The Nobel Peace Prize For 2018 Has Been Awarded To Denis Mukwege And Nadia Murad
The pair were awarded the prize for “their efforts to end the use of sexual violence in war and armed conflict.”
The Nobel Peace Prize has been awarded to Congolese gynecologist Denis Mukwege and Yazidi Kurdish human rights activist Nadia Murad for "their efforts to end the use of sexual violence in war and armed conflict."
Mukwege, 63, has treated tens of thousands of women who were raped during conflicts in the Democratic Republic of the Congo, while Murad, 24, was the victim of sexual violence while held captive by the Islamic State in Iraq, and has since become a human rights activist.
Berit Reiss-Andersen, chair of the Nobel committee, said that both had "put their personal security at risk by courageously combatting war crimes and seeking justice for victims."
Mukwege has treated more than 40,000 survivors of sexual assault with his staff at the Panzi Hospital in Bukavu, a city in the eastern DRC. He is, according to the Mukwege Foundation, "the world's leading expert" on repairing the internal damage caused by rape and gang rape.
Mukwege's Panzi Hospital also provides psychological, emotional, legal, and socioeconomic support for victims.
In 2012, he spoke at the United Nations about rape being used as a weapon of war in the DRC and called for perpetrators to be brought to justice. Shortly afterward, he was the target of an assassination attempt at his home, during which his family were held at gunpoint and Joseph Bizimana, his friend and security guard, was killed.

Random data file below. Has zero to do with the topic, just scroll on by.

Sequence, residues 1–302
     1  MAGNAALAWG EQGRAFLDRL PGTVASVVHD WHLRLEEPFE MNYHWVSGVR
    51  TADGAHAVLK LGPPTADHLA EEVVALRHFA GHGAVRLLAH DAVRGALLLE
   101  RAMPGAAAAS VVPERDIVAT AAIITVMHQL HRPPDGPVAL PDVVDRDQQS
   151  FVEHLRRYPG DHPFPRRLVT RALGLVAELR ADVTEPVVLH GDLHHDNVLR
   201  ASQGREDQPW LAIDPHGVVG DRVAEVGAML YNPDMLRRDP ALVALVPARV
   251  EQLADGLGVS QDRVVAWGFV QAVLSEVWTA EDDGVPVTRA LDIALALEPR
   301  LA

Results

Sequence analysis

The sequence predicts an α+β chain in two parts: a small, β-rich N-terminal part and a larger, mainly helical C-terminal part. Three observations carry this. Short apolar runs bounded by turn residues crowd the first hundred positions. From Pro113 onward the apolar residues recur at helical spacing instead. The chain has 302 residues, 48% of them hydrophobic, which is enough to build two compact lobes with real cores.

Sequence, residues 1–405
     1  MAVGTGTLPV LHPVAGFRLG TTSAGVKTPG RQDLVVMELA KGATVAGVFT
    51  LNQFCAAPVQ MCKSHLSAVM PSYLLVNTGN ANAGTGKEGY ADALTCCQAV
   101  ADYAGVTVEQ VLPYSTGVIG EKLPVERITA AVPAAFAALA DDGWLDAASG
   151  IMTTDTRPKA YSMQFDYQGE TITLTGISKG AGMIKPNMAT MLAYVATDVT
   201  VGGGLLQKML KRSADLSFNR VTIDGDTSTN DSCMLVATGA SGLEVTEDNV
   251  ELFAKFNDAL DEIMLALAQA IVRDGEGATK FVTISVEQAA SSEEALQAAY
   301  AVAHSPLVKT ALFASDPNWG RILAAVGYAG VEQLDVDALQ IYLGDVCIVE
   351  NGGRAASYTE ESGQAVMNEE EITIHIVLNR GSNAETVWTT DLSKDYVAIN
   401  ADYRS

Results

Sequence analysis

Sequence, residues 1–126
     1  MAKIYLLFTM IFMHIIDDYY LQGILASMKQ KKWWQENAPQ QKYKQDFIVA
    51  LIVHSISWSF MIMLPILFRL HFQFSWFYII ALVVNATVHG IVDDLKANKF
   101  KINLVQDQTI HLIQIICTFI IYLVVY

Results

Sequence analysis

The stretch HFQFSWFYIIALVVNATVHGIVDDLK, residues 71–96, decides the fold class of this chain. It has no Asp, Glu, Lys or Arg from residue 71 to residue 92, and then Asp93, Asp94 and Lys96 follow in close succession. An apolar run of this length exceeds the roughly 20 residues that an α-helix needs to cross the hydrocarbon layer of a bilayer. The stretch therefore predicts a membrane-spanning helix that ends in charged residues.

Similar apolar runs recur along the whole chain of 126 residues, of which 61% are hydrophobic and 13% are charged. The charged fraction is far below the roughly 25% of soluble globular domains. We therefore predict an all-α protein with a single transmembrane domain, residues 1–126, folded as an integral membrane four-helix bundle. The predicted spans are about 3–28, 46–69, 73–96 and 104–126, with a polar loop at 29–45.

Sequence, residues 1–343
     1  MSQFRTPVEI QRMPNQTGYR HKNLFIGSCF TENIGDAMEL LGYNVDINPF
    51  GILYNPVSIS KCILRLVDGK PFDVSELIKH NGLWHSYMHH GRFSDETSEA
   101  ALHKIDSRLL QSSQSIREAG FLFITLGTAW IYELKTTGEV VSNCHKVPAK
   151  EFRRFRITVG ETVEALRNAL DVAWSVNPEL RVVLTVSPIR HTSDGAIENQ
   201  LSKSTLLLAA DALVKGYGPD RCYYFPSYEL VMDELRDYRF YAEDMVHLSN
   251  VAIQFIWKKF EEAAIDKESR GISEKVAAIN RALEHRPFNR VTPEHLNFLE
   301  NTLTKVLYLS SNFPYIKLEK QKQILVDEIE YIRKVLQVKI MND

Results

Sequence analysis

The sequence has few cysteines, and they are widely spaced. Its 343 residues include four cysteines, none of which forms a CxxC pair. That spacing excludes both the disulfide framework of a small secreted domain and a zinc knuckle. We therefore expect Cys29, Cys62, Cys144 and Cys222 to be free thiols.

Murad was 19 when she was kidnapped by ISIS militants who raided her village in Northern Iraq in 2014, rounding up the Yazidi community and killing six of her nine brothers.
She was held captive for around one month, during which time she said she was used as a sex slave. She is one of around 3,000 Yazidi girls and women who were abused by the militants.
Two years after she was held prisoner, she became the UN's first Goodwill Ambassador for the Dignity of Survivors of Human Trafficking, and last year published a book, The Last Girl.
When asked whether the decision had been inspired by the #MeToo movement, Reiss-Andersen said, "#MeToo and war crimes are not the same thing, but they do have in common that it is important to see the suffering of women, to see the abuses. To do that it is also important that women leave the concept of shame."
Reiss-Andersen said the Nobel committee had not yet been able to contact the winners, who were selected from 331 candidates.
President Donald Trump was among the nominees for his efforts to warm relations with North Korea. North Korean leader Kim Jong Un and South Korean President Moon Jae-in were also candidates.
Past winners have included Martin Luther King Jr., Nelson Mandela, and Barack Obama.
This is a developing story. Check back for updates.
The city where Panzi Hospital is located, Bukavu, was misspelled in an earlier version of this post.